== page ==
How are artists, curators and theorists responding to the new conditions of hypermodernity and chrono-reflexivity within the spaces and time of the art museum? Marked by a distributed archival aesthetic, post-digital culture directly challenges the museum’s logic of collection, as well as exposing the flaws of the atemporal modernist aesthetic hang. [Read more…]
Current Research by Andrew Dewdney
I am working with a longstanding research collaborator, Professor Victoria Walsh, on rethinking the theoretical intersection between art, media and technology through the prism of the strategic and curatorial practices of museums and their response to the rise of network culture. [Read more…]
4 and 25 October @ The Photographers’ Gallery, London
Join us for our inaugural “Geekender”, a weekend of events and workshops devoted to digital culture on 24th and 25th October at The Photographers’ Gallery, London. Saturday night we will open late until 9pm, with a party to celebrate 25 years of Photoshop. Experience the delights of being hands-on with Photoshop version 1.0, a live “cut and paste” studio (SouthBank Collective) and a Photoshop Battle. Photoshop Layer Cake and RGB Drinks will be served from the Photoshop “Toolbar” whilst Adam Brown (Buncefield Records) will translate your favourite JPEG images into sound in a special DJ set. Visuals taking you through the history and culture of Photoshop will be provided by Central Saint Martins MA Photography Students.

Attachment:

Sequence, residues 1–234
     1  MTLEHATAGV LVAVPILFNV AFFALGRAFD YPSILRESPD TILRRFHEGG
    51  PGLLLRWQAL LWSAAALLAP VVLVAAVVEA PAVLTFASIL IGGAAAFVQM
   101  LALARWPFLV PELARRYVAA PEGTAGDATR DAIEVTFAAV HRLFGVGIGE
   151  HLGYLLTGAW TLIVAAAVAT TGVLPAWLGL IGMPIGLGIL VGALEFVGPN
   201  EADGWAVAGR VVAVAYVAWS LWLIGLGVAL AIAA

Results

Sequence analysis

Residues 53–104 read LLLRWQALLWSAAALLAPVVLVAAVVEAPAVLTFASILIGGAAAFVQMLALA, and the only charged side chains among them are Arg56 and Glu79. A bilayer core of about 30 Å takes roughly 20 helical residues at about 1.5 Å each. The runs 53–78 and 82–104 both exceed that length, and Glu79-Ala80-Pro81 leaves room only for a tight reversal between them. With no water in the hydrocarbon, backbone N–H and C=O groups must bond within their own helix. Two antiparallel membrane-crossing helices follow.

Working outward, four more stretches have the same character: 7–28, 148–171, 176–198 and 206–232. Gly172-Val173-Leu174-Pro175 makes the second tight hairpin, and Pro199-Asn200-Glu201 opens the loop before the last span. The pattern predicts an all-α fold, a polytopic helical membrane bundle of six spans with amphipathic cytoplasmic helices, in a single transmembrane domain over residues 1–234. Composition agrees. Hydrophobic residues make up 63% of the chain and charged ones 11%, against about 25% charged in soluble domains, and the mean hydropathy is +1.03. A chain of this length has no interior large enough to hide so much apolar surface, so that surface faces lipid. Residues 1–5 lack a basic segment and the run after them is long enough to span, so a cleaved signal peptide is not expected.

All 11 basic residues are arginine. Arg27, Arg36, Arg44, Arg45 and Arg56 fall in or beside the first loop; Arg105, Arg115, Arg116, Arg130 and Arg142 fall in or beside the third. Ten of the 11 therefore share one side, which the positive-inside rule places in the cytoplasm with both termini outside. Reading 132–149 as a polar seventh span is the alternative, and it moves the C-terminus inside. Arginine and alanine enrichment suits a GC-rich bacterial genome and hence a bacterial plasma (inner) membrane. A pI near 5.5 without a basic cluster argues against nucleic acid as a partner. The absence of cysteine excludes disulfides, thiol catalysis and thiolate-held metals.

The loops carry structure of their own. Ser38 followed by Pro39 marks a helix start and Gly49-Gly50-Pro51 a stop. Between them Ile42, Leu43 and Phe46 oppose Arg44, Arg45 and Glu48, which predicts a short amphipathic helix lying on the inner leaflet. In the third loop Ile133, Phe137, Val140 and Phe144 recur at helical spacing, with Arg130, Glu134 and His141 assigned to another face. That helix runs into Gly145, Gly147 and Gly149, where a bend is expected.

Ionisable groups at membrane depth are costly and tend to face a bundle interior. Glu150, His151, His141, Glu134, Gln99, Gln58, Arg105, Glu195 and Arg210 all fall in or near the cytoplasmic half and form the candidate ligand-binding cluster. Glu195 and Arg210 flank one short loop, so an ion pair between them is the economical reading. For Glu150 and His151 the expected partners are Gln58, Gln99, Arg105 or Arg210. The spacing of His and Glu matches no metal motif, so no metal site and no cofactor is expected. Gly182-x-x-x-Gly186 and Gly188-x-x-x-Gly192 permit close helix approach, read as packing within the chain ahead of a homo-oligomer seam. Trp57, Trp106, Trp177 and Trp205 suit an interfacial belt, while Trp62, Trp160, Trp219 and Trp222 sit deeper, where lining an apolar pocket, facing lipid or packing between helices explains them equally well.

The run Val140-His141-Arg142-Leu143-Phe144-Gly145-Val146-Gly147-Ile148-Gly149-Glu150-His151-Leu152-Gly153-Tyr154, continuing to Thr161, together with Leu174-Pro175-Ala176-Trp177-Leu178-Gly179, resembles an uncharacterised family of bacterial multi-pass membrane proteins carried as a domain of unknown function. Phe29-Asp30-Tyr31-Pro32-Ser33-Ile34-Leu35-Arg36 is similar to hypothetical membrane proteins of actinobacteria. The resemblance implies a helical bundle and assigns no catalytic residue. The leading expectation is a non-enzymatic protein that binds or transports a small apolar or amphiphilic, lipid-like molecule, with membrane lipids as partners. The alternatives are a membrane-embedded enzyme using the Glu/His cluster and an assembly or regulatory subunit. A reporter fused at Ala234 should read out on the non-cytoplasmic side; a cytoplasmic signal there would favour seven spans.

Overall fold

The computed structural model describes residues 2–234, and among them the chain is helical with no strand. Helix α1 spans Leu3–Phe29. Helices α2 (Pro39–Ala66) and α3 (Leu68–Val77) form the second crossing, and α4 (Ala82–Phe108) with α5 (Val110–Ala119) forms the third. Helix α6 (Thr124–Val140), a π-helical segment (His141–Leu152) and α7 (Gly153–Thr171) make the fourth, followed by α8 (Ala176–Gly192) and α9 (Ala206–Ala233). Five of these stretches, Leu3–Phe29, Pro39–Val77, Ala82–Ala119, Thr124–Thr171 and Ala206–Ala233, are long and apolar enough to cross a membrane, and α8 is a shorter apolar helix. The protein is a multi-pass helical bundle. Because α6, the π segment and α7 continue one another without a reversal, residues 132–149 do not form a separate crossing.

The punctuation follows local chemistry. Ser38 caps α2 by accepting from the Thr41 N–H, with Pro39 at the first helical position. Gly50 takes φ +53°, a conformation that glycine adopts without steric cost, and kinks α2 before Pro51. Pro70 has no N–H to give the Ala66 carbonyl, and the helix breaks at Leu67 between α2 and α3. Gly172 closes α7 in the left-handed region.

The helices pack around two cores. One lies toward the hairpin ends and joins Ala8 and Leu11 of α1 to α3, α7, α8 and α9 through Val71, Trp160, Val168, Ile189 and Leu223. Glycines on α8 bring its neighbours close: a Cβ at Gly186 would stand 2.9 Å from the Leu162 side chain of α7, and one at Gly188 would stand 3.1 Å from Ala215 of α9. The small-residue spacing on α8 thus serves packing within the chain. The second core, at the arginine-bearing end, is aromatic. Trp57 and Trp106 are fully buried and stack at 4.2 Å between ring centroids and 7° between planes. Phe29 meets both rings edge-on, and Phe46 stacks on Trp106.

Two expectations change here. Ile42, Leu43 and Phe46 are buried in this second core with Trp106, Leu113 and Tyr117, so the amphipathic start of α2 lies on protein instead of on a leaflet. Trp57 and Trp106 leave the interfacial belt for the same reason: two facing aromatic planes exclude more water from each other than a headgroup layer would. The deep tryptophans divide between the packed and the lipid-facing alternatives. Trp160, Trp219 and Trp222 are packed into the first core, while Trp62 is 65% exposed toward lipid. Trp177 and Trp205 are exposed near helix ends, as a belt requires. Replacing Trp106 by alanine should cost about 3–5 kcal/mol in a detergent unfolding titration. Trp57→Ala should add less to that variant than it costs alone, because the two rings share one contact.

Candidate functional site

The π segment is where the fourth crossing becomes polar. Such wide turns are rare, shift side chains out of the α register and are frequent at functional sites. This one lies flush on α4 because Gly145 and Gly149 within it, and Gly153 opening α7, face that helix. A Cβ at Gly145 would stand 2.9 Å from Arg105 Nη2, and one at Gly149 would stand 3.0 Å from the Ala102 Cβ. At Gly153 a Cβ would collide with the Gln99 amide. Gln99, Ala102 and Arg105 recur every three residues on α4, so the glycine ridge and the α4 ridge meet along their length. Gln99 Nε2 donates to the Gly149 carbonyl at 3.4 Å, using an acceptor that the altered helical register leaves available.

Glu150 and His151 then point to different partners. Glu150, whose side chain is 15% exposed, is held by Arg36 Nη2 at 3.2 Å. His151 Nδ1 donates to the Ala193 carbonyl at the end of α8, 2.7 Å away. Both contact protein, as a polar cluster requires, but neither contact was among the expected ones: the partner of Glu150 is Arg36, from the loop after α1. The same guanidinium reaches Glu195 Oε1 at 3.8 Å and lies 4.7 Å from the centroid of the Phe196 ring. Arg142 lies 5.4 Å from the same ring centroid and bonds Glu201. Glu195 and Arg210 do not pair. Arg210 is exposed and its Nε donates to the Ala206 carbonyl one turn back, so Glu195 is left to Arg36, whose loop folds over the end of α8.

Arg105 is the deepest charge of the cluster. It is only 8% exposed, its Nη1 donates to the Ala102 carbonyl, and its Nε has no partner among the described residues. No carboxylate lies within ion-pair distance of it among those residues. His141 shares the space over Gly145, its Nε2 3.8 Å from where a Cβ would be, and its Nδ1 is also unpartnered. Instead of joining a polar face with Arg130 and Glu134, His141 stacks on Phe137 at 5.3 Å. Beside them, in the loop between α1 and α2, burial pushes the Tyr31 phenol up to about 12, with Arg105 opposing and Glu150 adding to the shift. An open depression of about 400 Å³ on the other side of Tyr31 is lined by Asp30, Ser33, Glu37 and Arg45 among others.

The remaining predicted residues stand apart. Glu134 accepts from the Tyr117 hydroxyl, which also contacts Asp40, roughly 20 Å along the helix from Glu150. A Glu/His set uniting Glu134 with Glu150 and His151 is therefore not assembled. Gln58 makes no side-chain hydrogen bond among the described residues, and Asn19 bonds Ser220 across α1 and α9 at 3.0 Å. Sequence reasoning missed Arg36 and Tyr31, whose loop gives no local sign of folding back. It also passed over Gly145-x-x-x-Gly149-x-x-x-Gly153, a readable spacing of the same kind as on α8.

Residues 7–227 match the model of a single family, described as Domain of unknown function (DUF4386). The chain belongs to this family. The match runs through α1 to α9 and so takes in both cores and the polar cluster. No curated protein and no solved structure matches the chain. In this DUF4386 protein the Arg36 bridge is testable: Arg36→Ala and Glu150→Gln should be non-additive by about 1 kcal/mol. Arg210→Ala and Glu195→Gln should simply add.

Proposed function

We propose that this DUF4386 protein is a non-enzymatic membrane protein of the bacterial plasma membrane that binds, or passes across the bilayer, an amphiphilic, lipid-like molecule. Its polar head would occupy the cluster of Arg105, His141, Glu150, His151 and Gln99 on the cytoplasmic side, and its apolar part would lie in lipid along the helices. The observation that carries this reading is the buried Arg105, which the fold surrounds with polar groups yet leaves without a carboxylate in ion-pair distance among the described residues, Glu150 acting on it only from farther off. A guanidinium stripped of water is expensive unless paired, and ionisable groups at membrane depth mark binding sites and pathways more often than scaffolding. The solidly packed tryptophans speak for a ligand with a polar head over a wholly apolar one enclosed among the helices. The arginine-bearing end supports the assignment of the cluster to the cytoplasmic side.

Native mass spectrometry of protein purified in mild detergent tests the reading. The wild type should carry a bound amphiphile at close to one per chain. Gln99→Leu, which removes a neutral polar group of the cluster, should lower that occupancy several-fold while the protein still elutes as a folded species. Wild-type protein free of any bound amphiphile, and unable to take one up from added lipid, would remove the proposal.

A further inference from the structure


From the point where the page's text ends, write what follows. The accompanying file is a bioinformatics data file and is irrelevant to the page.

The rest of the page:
PhD research by Nicolas Maleve (collaborative PhD with The Photographers’ Gallery)